When I started setting up the blogs some days ago, I began to create subdomains and subdirectories on the server where I could install WordPress. Soon I discovered, how complicated and prone to errors this procedure can be and started to think about alternatives allowing me to run several separate blogs while administrating and maintaining only a single software installation. You can find some more or less complex hacks for this floating around the net. In addition there exists a special multi user/multi blog version of WordPress called WordPress µ, but it seems it is turned mostly towards very large projects and uses a number of modifications of the original variant for this purpose. On the other hand there is an approach by Strider which is called Virtual Multiblog and looks quite feasible. However this looks a bit intricately at first glance because it seems to require an additional WordPress plugin.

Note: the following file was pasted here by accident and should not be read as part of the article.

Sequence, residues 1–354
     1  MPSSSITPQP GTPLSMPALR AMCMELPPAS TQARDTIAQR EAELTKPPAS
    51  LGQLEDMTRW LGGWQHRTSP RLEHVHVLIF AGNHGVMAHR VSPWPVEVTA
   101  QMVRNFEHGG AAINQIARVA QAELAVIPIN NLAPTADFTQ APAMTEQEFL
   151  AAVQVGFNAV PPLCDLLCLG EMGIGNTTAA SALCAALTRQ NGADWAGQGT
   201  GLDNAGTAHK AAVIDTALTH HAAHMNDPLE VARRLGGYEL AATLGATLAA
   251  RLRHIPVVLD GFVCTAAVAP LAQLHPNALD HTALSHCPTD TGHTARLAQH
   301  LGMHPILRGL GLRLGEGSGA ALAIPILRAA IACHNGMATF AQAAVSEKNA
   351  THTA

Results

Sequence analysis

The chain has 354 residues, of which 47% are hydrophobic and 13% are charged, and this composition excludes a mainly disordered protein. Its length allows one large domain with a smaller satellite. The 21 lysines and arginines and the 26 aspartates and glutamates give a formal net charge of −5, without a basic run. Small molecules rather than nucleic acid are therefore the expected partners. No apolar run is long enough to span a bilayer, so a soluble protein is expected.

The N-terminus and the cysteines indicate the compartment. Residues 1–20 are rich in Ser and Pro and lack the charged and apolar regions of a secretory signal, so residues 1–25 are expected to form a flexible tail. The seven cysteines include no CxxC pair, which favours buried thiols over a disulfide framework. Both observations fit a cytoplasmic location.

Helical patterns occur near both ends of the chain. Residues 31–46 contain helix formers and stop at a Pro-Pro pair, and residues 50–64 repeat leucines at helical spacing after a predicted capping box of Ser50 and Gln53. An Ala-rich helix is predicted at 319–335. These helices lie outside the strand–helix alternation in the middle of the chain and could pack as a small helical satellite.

Finally I discovered a very elegant way by myself: Because WordPress stores all settings of a blog – including articles, comments and users – in the MySQL tables defined in the file wp-config.php, it would be sufficient to use different configuration files depending on the used subdomain. So I modified the wp-config.php to simply evaluate the used subdomain and load a configuration based on the result. Which looks like this:
if ($_SERVER['SERVER_NAME'] == 'blog1.example.com')
else if ($_SERVER['SERVER_NAME'] == 'blog2.example.com')
The files wp-config.blog1.php and wp-config.blog2.php are just standard WordPress configuration scripts without a single line of extra code. Using different prefixes for the MySQL tables it even would be sufficient to have a single database to store all blogs. As simple as it is, as low-maintenance it is too, because WordPress updates don’t overwrite the new wp-config.php or the newly created configuration files. At the same time all blogs benefit from the update, of course.
[Update: It just caught my eye, that you might run into difficulties if you are running multiple blogs with the same plugin. If an upgrade of that plugin requires an update of the plugin’s database table, you have to pay attention to update all of those tables (for every blog using the plugin)!]